Enlarge The consequences of lax cybersecurity are immense.

4 Reasons Nonprofits Need to Exercise Extreme Caution When Storing Files in the Cloud


Non-profit organizations need to exercise caution when storing files in the cloud. Not because the cloud is inherently insecure, but because the end user is responsible for implementing the majority of cloud storage security measures. If you don’t know how to secure your cloud environment, your stored data could be susceptible to cyberattacks.

As a non-profit, you’ve probably got plenty of personal information, including financial data and even credit card information from your sponsors and donors. If you don’t secure your files in the cloud, you’re putting your partners and sponsors at risk.

The consequences of lax cybersecurity are immense, but for a non-profit, those consequences can be exceptionally damaging. If you run or are in charge of managing data for a non-profit organization, here’s why you need strong cybersecurity measures in place.

1. The wrong security configuration settings can make your files vulnerable

Most cloud storage platforms make end-user security easy, but you still need to know how to manage your settings. Some platforms make that easier than others. For example, Box is the preferred cloud storage provider for non-profits because the security settings are easy to implement. You can lock down your entire account or set individual permissions for files and folders. For example, file permissions can be set to allow sharing but not allow downloading.

The problem is, even the world’s most secure cloud server can be breached because of a small mistake. For instance, someone might accidentally fall for a phishing scam and give out their login credentials. Or the cloud storage environment might be left wide open to the public when it should have been locked down.

It’s easier than you think to make a grave mistake that leaves you wide open to hackers. User errors, like misconfigured security settings, cause 90% of all data breaches. So, while file storage platforms are secure, the extent of that security depends on how you configure your account.

Knowing what security settings need to be set is the key to securing any file storage platform. You can’t afford to make mistakes that could expose sensitive data to the world. Your best bet is to hire an IT security specialist to ensure your file storage accounts are as secure as possible.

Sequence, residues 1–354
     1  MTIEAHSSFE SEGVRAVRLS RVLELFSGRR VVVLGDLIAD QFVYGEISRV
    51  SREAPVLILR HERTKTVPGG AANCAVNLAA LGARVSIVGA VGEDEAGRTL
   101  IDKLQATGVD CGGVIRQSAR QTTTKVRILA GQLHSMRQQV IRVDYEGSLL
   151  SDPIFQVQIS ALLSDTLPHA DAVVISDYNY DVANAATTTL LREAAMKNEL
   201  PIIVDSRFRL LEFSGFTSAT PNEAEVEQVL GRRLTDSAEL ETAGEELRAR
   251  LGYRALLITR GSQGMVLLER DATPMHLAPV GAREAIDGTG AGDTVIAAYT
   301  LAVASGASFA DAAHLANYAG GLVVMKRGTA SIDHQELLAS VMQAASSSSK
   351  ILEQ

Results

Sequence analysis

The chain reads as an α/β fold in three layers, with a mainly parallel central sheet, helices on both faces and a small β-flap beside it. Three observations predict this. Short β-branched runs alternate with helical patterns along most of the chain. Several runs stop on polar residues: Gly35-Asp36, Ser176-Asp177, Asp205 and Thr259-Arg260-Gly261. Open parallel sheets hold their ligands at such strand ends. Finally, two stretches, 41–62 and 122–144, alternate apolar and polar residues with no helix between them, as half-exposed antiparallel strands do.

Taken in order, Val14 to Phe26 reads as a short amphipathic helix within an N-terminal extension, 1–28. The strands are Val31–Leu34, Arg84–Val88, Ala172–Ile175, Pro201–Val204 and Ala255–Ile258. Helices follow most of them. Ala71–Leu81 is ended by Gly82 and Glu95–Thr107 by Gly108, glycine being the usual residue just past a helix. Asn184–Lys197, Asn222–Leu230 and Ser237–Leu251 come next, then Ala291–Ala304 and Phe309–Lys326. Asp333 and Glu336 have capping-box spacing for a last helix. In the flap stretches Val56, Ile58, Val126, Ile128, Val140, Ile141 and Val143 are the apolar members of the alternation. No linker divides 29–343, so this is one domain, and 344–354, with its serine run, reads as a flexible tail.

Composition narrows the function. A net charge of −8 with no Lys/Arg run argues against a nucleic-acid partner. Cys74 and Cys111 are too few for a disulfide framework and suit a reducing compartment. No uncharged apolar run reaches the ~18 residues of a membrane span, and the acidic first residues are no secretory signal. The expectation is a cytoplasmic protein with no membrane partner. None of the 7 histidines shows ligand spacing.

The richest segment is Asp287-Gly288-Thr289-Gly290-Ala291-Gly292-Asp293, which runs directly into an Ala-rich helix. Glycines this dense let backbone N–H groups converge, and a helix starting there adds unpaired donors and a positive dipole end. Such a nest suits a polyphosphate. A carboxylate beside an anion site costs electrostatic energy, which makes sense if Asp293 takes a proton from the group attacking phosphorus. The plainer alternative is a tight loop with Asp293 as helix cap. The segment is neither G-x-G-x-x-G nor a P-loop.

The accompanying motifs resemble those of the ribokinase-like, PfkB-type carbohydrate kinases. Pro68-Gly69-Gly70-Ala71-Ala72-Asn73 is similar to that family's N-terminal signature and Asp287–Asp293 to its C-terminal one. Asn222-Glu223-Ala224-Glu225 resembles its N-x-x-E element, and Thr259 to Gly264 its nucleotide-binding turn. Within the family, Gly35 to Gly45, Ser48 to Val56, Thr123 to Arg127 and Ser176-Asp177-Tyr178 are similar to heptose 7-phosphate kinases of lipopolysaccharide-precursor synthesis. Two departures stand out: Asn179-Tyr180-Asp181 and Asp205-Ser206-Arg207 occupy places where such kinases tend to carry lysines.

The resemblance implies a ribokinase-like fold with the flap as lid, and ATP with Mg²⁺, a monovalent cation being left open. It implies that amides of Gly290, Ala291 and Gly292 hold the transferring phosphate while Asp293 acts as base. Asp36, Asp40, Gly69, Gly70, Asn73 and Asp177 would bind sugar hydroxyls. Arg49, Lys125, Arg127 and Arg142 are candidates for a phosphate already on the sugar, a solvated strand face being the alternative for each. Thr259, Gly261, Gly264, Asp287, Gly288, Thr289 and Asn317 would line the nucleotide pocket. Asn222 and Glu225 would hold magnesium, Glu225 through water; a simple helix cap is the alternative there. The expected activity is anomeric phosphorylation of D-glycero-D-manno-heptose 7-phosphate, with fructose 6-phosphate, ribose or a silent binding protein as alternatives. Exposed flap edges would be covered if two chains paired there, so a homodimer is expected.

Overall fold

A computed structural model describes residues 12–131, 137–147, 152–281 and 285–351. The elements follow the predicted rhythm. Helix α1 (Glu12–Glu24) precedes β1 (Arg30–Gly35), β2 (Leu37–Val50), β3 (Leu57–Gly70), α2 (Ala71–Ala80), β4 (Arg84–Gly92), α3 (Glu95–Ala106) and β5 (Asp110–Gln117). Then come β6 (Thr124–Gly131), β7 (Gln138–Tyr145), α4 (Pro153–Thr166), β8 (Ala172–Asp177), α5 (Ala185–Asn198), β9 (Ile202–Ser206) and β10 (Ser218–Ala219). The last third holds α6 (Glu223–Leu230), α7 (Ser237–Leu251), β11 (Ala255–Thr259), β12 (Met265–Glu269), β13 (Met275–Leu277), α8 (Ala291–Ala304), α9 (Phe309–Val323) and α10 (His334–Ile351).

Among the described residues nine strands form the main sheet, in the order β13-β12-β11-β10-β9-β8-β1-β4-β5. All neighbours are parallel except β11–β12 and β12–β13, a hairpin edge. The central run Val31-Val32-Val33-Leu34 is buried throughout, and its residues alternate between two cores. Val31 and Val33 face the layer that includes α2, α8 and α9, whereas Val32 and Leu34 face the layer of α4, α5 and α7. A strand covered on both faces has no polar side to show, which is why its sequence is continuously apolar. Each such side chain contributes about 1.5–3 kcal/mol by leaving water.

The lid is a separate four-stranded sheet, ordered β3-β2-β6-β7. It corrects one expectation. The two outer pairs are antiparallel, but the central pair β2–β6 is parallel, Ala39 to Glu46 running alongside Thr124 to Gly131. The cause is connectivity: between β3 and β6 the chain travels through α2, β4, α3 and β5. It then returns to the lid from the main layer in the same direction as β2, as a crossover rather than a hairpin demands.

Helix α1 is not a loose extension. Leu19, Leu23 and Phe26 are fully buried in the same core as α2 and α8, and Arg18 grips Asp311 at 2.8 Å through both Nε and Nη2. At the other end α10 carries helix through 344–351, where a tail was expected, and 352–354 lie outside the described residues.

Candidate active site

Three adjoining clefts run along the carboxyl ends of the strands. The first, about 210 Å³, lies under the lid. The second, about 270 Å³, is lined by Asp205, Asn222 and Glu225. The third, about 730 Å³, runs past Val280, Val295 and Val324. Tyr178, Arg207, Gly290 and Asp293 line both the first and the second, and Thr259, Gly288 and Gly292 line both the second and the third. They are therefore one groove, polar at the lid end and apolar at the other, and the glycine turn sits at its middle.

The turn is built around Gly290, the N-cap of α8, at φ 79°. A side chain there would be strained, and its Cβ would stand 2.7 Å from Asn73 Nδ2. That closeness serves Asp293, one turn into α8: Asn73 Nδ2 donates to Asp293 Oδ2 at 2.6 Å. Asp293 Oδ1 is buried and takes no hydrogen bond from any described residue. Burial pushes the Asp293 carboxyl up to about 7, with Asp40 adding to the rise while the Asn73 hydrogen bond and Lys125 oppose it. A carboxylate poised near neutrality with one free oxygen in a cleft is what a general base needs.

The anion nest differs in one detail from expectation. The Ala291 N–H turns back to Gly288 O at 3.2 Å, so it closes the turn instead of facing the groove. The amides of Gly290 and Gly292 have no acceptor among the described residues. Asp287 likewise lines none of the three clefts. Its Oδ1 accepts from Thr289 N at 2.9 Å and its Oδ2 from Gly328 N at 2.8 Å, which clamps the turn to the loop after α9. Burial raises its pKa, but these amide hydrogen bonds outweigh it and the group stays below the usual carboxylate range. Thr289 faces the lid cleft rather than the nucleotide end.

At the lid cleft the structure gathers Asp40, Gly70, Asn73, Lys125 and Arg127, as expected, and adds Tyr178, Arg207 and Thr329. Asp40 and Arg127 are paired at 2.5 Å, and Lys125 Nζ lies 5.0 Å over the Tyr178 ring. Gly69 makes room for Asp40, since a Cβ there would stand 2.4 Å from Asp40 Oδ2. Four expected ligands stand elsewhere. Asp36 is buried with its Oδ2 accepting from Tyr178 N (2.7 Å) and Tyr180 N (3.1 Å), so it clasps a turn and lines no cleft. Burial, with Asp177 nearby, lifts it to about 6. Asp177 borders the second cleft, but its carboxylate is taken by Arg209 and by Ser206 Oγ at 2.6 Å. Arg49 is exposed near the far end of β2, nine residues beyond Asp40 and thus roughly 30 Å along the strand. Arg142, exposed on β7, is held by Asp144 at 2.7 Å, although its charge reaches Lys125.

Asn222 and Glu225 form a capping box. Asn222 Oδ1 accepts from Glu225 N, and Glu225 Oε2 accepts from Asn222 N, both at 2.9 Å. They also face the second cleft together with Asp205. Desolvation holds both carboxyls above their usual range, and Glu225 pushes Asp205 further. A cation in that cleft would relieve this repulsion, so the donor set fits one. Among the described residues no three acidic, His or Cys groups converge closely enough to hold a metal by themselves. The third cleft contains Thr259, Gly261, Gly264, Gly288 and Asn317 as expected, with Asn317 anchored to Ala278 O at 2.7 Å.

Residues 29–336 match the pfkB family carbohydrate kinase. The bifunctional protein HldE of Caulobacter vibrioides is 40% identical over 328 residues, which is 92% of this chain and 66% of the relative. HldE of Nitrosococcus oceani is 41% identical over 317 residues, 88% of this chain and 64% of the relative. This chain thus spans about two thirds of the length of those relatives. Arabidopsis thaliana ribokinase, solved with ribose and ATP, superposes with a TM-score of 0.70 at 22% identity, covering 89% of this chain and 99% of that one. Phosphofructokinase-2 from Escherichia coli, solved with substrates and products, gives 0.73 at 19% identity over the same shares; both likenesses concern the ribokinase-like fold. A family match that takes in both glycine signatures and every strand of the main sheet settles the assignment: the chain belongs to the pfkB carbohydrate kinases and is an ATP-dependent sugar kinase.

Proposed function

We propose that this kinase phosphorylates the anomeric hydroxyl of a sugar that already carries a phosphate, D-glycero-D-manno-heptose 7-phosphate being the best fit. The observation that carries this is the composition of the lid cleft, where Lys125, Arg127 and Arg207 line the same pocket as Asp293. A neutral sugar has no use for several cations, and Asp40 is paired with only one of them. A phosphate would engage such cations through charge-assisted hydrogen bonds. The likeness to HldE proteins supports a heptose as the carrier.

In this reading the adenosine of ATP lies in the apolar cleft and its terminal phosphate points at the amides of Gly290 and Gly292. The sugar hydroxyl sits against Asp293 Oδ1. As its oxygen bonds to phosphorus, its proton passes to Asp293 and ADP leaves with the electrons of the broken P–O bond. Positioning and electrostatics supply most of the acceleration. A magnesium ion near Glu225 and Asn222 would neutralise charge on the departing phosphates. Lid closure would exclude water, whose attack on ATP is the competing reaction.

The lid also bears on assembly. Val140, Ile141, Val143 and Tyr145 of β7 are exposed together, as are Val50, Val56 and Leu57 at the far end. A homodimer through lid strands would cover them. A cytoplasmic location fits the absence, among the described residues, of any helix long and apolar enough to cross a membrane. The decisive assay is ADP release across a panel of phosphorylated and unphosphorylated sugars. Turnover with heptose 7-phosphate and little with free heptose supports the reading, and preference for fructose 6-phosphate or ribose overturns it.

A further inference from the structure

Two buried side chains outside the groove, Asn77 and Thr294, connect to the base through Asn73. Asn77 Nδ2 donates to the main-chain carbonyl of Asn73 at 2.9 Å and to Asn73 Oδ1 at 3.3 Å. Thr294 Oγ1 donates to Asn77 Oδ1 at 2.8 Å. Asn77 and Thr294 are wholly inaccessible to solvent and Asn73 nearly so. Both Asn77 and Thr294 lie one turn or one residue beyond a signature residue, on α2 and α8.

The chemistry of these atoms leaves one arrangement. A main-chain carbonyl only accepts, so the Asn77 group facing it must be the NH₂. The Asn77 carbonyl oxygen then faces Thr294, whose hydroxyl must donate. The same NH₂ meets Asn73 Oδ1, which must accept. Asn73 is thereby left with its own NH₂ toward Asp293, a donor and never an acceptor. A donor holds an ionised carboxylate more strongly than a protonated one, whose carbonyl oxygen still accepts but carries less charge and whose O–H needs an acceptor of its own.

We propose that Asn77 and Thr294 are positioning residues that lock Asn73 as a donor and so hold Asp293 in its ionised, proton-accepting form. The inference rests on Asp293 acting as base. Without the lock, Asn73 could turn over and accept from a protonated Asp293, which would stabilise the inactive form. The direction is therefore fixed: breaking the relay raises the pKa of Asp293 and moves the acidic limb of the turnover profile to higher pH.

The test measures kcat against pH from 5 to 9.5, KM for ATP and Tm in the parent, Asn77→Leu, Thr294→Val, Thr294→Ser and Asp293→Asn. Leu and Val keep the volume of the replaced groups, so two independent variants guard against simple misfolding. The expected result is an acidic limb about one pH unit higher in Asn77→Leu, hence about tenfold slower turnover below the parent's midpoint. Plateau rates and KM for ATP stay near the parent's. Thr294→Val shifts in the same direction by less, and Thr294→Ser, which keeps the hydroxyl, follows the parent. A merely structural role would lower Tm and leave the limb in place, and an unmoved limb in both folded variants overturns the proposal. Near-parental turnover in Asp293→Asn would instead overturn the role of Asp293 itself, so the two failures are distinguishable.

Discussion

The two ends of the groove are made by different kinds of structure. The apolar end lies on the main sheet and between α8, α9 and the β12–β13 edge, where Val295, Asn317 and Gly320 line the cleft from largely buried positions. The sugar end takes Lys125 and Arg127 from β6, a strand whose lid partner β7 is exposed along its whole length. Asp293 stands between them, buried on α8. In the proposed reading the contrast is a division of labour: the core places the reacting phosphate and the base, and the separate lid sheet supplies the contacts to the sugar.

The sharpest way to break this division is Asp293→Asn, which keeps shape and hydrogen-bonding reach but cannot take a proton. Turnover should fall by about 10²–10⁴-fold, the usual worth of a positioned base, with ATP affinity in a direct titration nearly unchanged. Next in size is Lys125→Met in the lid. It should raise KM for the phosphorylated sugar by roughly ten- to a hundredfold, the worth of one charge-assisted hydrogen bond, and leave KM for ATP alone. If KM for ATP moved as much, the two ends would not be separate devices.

2. Hackers are constantly looking for vulnerabilities to exploit

While the public tends to view all data breaches as malicious hacks executed by tech-savvy hackers, the majority of data breaches are simply vulnerability exploits. Cybercriminals are tech-savvy, but thanks to user error, they don’t usually have to try hard to breach a network.

Every organization is susceptible to cyberattacks, but some are more vulnerable than others. Vulnerability comes from a lack of security, but also inherent flaws in software. For example, anytime a vulnerability is discovered, software developers normally publish a patch for end users to install. Hackers will find instances of unpatched software and exploit the known vulnerabilities.

If you’re using a random web server to store files in the cloud with outdated software, you can almost guarantee your files will get hacked.

3. Hacked data is often used for identity theft

Most hackers target organizations they believe have personal information that can be used for identity theft. That’s why healthcare organizations get hacked frequently.

In May 2021, the McKinley Christian Health Care non-profit organization reported a data breach that happened in the beginning of the year. The breach exposed data from 200,000 patients and employees, including Social Security numbers, driver’s license numbers, and passports. That’s more than enough information to use for identity theft.

4. A data breach could cut you off from donations

If a data breach exposes donor financial data, people will think twice before donating to your organization. Unfortunately, this situation happens all too often. For example, in 2015, the Utah Food Bank’s website database was hacked, exposing financial data belonging to more than 10,000 donors.

After this breach, people were hesitant to donate to the food bank, despite there being a pressing need for donations.

Your cloud security habits can make or break your success

It only takes one data breach incident for consumers to lose trust in a non-profit organization. You’ll probably need to spend some time and money securing all the data you manage, but it’s worth every second and every penny. If your goal is to make a difference for people, you need to start by securing all of the data you handle.

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